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Storytelling Is Not Dead: Anthony Bourdain’s Hungry Ghosts – A Review

Please check out my previous Storytelling posts here.  And my 365 Reviews here.

I’m at the end of my semester, and I am thrilled!  I’ll miss my first semester students, for sure…but I’m happy to have time this break to bring you some reviews of books that I’ll be diving into this break, starting with one that’s fairly weighty.

The passing of Anthony Bourdain shocked and saddened the world.  His openness and perspective on life and the world made him, and still makes him, a treasure.  So when my buddy Adan told my about Hungry Ghosts, a collection of horror tales based around food and steeped in Japanese culture, I bought it that day.

Title: Anthony Bourdain’s Hungry Ghosts 

Author(s): Written by Anthony Bourdain & Joel Rose; featuring a host of amazing artists in this collection

Publisher:  Berger/Dark Horse (2018)

Age Rating: 17+

This collection is more than just a graphic novel.  This book is a cultural artifact with story, history, reflection, and even original recipes!  I have dabbled in these recipes, and will comment on them later!  Get hungry…

The stories themselves are presented in a Canterbury Tales-esque way, following a seventeenth-century Edo Period game called Hyakumonogatari Kaidankai (100 Candles).  Samurai would sit around 100 candles, telling tales of horror and mystery, each blowing out a candle at the end of each story and looking into a mirror to see if a demon had possessed them during the tale.  The darker the room got, the more frightening the experience became.

This book plays with that concept, except it’s a rich guy that has hired a team of industry-celebrated chefs for a charity dinner, and asks the chefs to share tales of food and horror to wrap the night.  Each tale is unique in its tone and art, and the ending, one might say…is satisfying.

The back matter is worth mentioning here because while the stories are cool, I find that the cohesion of the book comes in its ability to give us some parting gifts that make the tales even more digestible.  I might even start with the back matter with this one since a good chunk of it explains and defines the ghouls and ghosts that appear in the stories.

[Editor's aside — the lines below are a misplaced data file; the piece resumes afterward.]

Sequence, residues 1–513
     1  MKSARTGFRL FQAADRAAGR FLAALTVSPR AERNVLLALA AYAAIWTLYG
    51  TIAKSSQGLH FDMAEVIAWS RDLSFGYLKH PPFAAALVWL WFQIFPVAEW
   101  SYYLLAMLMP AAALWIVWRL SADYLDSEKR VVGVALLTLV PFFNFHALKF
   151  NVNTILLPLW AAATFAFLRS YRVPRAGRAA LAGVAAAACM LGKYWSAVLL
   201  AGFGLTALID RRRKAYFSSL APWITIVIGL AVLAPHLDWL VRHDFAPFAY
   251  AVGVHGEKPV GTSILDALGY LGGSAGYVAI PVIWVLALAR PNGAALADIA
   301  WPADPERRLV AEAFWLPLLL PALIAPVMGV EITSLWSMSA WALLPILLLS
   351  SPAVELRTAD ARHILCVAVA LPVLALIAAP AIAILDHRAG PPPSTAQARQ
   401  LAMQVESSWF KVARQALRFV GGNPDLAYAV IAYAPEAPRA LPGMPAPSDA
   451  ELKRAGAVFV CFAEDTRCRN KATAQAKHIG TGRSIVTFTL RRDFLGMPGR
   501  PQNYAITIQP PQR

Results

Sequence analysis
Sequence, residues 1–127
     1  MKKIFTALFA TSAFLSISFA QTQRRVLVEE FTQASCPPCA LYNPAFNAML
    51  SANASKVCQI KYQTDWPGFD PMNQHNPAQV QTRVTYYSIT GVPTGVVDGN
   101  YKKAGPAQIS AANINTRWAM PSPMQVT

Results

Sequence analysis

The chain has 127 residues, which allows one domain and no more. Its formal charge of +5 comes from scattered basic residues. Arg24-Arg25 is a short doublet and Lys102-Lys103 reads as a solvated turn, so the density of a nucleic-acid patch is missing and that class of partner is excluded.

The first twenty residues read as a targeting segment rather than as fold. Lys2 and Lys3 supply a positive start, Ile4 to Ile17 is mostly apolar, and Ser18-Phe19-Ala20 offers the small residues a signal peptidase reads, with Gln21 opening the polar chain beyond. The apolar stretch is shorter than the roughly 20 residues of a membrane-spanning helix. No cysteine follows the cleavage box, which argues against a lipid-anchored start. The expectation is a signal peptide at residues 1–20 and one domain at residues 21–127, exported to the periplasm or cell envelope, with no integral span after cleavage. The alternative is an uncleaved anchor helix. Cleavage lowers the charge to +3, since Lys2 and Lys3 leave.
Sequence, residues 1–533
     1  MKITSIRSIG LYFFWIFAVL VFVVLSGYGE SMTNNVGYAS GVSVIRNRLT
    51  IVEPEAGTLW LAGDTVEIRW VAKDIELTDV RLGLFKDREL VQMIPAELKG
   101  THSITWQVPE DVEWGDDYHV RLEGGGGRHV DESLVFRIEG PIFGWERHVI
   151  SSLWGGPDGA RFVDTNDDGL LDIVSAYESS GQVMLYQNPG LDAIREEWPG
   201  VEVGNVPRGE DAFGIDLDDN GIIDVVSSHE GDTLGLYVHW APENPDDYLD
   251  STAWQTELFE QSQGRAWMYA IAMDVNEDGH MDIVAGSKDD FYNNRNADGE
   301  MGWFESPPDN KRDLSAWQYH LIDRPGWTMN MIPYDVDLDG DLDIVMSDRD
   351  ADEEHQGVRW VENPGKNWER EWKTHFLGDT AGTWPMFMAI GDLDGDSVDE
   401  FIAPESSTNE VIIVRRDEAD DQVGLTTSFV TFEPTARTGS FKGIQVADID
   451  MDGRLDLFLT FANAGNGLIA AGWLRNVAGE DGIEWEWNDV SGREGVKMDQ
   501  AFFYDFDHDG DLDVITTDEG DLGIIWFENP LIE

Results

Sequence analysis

In the back we get the following: a dedication to Anthony Bourdain; a letter from Joel Roes about the book; five new, original recipes from Anthony Bourdain inspired by the graphic novel; a guide to the spirits in the tales; original cover illustrations from the Dark Horse comics that the book is collected from; and a list/bio of all the amazing people that had a hand in creating this cultural tome.

Cool, Kallenborn, but what are the stories like?  Well, they are not for kids.  There is no serious nudity in the book, but there are situations and language that are adult.  If a senior took it off of my desk and read it would I freak out?  I don’t think so.  Like I mentioned earlier, the book is steeped in culture and tradition, and the gratuitousness that is found in the book is par for the genre.  With that said, this one might be just for you.  It’s an experience for those of us that find ourselves in the middle of the Venn diagram covering food, horror, and culture.

I make it no secret that I feel food plays an important role in our personal stories.  I find new food experiences to be an adventure, and not having many food adventures growing up, I’m making up for lost time.  Which brings me to the recipes in this book; I tried one last night, and I bought the ingredients for another two.

Started with the “Tokyo Ramen.”  This was the most involved recipe I’ve ever made.  It took about four hours, although most of the first three was simmering the base broth.  Then it became a series of well-timed moves to create this fantastic dish.  Seriously, it was delicious, and for a first-time Ramen-from-scratch maker, I’m proud of myself!

The time and effort put into this dish was well spent.  Some people find solace in fishing, some watching sports…I find my peace surrounded by aromas and dirty dishes.

Going into this Christmas break, I’m happy that my story is my story.  My life isn’t perfect.  All of us have our own insecurities, fears, and troubles; Anthony Bourdain is a sad reminder of this.  But I’m happy that I was able to find a book, recommended by a good friend, that I enjoyed, found recipes, made an amazing dinner that was shared with friends and family, and that (even if a tiny bit) connected me to a man whose travels inspired millions.

It’s strange how getting a book recommendation in a random group text, brought me to this.  Story crosses our paths each and every day.  Find it, acknowledge it, reflect on it.

Talk to you later.

Happy Storytelling!


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